First published this morning by the Thomas Jefferson Institute for Public Policy, where Vernuccio is Visiting Fellow.
Twenty-eight years after Governor Doug Wilder signed it into law, the Virginia General Assembly lifted the ban on public sector collective bargaining. As of May 1, localities in Virginian could give government unions a monopoly to represent all employees at a particular worksite.
However, the law passed in Richmond is unique from other states as it sets virtually no guidelines on what government unions can bargain over and how they can be formed. Thankfully, it also does not mandate public sector collective bargaining, allowing localities to keep the status quo that the Commonwealth has had for decades.
First and foremost, it should be pointed out that localities can reject public sector collective bargaining. There is good reason to do so, as simply administering the process is expensive. In fact, localities that are considering allowing bargaining are estimating hundreds of thousands or even seven figures for ongoing costs for negotiations and compliance. This spending will not go for better wages or benefits for current public employees or better services for citizens —it is simply to hire more employees to administer the infrastructure of bargaining.
The costs alone could be a large reason that, while the state law allows public employees to petition their local elected officials to vote on allowing bargaining, those representatives will vote no and keep the process that has worked in the Commonwealth for generations. Continue reading →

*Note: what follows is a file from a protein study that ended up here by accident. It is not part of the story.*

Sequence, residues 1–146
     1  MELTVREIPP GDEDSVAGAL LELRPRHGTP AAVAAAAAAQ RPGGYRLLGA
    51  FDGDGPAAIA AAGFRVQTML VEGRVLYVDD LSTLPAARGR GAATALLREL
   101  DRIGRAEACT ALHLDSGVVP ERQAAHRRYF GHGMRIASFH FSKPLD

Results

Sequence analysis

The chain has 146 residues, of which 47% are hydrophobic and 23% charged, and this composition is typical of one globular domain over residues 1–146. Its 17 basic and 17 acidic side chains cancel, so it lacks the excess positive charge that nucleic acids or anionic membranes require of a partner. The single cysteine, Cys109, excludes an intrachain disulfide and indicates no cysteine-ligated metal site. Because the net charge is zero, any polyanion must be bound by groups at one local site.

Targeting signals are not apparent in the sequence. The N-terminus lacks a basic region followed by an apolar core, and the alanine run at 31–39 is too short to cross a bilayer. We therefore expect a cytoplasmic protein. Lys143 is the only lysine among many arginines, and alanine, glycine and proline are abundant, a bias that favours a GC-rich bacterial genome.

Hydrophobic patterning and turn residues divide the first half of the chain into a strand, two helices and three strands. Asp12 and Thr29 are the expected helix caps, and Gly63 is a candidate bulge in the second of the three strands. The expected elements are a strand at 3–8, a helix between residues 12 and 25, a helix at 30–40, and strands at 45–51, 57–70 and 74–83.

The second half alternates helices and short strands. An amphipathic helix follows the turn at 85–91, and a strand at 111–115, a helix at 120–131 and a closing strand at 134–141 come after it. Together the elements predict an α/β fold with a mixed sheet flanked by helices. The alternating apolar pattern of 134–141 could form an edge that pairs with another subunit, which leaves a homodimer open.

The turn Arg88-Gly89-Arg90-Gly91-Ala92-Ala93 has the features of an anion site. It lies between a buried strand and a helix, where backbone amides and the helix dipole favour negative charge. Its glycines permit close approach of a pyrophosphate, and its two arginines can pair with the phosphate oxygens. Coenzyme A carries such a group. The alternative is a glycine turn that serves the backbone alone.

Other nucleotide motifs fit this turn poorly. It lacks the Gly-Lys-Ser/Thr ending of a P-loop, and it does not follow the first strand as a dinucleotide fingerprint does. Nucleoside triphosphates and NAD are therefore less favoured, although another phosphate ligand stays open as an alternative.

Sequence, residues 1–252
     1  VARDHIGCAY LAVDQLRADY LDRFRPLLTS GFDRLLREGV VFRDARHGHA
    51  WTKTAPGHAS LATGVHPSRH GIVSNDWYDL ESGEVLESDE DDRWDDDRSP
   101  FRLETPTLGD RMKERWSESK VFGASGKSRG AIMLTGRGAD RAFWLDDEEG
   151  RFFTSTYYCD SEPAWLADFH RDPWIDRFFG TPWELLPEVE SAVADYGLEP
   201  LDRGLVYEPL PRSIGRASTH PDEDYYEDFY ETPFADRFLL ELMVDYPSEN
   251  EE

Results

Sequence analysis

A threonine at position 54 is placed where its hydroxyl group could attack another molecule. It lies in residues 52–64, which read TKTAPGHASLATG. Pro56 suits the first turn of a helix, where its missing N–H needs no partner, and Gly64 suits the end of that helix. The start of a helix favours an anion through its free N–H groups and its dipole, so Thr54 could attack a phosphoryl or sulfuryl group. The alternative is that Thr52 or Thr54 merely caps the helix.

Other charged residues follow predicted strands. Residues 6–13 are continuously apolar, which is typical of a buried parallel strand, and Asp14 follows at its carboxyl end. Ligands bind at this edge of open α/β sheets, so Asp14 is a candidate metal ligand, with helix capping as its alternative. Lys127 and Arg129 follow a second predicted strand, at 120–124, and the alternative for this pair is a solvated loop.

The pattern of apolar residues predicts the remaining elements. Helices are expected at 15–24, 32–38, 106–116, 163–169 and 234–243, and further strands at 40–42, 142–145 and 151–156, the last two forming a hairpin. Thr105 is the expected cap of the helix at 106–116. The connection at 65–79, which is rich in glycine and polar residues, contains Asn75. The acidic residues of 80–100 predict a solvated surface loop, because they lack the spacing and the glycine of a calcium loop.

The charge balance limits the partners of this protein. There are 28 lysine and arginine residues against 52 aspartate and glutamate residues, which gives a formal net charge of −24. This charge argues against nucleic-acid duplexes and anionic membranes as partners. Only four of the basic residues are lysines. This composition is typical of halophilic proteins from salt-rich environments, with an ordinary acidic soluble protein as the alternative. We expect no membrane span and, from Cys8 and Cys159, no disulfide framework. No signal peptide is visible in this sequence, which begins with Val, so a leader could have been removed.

Image captured by Virginia Beach naval aviators. Image credit: 60 Minutes
by Bruce Majors
If you spend any time on the internet, you will almost daily see geographical rankings: the best colleges, the best small towns, the best places to retire, the cities with the worst drivers, the states with the worst tippers or the rudest residents.
Apparently whoever or whatever is behind the UAPs (the acronym for the new bureaucratese “unidentified aerial phenomena,” what we used to call UFOs) that the Senate Intelligence Committee will soon tell us about also seem to have a list of where they prefer to visit. Former national intelligence director John Ratcliffe hinted that the report will be surprising, telling FOX News anchor Maria Bartiroma, “We are talking about objects that have been seen by Navy or Air Force pilots, or have been picked up by satellite imagery, that frankly engage in actions that are difficult to explain, movements that are hard to replicate, that we don’t have the technology for or are traveling at speeds that exceed the sound barrier without a sonic boom.”